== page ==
Winter 1989 • Vol. XI No. 1 Special Anniversary Feature: Excerpts from the War Years |

Notes on a Democratic Philosophy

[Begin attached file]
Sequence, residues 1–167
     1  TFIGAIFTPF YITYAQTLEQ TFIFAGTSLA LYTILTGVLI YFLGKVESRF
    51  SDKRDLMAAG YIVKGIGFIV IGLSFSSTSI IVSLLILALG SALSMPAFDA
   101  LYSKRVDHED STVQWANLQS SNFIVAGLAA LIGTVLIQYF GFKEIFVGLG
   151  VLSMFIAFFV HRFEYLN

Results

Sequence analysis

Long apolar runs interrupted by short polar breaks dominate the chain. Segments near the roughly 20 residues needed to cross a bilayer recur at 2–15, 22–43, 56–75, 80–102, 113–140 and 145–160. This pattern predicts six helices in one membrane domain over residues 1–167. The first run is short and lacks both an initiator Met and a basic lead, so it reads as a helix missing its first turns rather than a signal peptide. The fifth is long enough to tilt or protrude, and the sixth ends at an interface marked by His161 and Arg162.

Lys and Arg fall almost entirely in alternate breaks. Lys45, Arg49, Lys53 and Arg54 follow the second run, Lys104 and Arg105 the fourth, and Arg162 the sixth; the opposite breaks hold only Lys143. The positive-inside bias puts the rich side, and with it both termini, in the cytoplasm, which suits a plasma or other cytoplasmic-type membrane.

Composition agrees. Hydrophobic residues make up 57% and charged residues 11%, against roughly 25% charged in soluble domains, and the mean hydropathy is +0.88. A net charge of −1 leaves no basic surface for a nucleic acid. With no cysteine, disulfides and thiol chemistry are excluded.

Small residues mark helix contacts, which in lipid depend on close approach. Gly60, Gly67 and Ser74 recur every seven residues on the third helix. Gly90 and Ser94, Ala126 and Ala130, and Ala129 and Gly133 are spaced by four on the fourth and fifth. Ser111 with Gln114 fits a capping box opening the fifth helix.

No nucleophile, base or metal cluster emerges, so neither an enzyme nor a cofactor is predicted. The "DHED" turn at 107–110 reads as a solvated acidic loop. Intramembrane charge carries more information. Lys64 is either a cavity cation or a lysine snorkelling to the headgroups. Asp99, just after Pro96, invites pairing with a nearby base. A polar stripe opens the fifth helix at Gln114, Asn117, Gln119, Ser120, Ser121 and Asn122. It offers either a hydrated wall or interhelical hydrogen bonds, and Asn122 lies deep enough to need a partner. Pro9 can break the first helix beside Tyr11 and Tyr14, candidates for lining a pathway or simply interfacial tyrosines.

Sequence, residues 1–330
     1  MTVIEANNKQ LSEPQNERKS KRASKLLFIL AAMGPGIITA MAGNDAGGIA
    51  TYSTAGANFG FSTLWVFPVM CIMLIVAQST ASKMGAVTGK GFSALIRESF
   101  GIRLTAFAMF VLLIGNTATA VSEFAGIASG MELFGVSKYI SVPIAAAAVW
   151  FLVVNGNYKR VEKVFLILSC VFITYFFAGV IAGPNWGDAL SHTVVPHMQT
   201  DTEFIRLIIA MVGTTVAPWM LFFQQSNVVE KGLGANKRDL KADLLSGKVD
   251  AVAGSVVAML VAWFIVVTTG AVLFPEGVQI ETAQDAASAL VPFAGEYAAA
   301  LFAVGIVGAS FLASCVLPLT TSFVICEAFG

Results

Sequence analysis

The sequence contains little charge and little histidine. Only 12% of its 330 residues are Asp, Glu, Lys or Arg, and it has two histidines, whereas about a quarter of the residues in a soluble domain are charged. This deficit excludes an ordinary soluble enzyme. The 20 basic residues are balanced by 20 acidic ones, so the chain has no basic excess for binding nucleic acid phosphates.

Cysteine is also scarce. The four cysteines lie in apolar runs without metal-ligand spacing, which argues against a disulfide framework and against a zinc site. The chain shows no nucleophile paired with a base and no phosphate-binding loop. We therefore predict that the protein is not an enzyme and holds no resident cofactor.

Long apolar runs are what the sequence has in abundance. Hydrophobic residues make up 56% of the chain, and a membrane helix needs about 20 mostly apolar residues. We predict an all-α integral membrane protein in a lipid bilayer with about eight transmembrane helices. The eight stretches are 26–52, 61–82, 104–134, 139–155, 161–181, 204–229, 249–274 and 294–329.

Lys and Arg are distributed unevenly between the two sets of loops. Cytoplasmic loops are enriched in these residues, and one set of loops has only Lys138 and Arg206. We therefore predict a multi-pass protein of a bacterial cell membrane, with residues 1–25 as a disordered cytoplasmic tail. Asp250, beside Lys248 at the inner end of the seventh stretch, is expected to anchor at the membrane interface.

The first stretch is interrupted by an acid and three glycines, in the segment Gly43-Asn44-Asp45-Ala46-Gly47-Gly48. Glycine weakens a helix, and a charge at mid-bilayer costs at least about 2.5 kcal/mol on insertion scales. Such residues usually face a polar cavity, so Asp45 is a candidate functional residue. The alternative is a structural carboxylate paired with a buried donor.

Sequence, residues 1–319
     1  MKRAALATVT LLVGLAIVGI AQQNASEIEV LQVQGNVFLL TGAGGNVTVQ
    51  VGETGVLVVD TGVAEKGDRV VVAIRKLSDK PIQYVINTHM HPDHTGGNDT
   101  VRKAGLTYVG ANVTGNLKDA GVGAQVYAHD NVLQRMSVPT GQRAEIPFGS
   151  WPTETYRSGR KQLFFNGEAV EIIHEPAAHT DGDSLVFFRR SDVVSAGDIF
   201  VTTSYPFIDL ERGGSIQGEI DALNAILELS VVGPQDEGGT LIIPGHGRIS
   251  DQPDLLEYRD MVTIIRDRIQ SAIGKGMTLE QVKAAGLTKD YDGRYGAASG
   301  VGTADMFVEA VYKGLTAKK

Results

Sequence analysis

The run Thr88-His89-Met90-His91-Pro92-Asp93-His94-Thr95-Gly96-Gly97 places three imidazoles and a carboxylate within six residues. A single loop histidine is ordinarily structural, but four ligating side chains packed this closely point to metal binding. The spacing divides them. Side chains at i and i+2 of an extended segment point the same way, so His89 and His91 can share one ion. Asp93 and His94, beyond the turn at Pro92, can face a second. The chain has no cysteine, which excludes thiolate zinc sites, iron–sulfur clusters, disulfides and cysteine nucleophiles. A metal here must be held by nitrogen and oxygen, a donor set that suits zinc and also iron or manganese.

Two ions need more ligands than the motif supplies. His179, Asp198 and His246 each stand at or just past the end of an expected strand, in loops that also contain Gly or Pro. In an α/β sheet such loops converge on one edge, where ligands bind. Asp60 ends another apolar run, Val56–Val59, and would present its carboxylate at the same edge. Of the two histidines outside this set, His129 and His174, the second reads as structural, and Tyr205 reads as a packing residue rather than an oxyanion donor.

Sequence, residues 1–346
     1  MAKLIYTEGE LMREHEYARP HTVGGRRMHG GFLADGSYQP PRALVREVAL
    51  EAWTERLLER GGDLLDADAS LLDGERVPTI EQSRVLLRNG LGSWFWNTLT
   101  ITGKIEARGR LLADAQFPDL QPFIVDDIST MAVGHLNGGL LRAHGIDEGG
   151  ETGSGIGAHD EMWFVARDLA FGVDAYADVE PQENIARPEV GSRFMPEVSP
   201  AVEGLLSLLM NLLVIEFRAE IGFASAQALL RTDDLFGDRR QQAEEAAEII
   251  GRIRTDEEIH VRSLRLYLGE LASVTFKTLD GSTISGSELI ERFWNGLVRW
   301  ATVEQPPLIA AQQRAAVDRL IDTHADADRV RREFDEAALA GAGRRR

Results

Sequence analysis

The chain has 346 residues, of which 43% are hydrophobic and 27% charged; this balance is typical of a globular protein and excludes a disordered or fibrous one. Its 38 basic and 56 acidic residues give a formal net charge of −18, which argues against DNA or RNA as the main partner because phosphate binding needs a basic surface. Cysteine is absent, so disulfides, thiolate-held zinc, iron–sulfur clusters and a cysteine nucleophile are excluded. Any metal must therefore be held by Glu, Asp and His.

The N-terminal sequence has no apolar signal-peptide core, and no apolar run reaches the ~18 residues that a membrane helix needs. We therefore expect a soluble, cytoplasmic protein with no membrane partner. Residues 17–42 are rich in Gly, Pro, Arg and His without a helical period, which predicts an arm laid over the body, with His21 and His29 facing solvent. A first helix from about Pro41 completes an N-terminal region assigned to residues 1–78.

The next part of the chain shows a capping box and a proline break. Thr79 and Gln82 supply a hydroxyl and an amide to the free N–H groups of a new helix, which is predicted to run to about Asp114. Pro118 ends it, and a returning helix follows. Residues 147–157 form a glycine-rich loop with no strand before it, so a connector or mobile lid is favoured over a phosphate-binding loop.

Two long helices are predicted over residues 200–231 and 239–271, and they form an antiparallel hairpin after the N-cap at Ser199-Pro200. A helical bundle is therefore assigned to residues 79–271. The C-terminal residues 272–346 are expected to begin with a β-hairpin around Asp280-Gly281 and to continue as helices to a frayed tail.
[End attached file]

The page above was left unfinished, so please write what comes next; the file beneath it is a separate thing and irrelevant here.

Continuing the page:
From the Autumn 1942 issue. We hear frequently these days that if democracy is to survive it must have a new faith; that battles are not won by tanks and planes alone, but also by passionate dedication to an idea which exacts the last ounce of resourcefulness and determination from men. With this position there can be no quarrel. Even if the stoical attitude of the realistic soldier—the attitude that he has a dirty job to do and that his pride will lead him to do it well—should suffice to win the war from the fanatical devotees of Nazism and Shinto, it will not suffice to win the peace. A political faith is promulgated by a statesman who is in a position to wear the mantle of the prophet. It is something simple, concretely presented, emotionally persuasive, dogmatically asserted. It is, in short, not a philosophy. Is there, then, a need for a democratic philosophy as well as a democratic faith? Although this country was founded on a philosophy, our political prac

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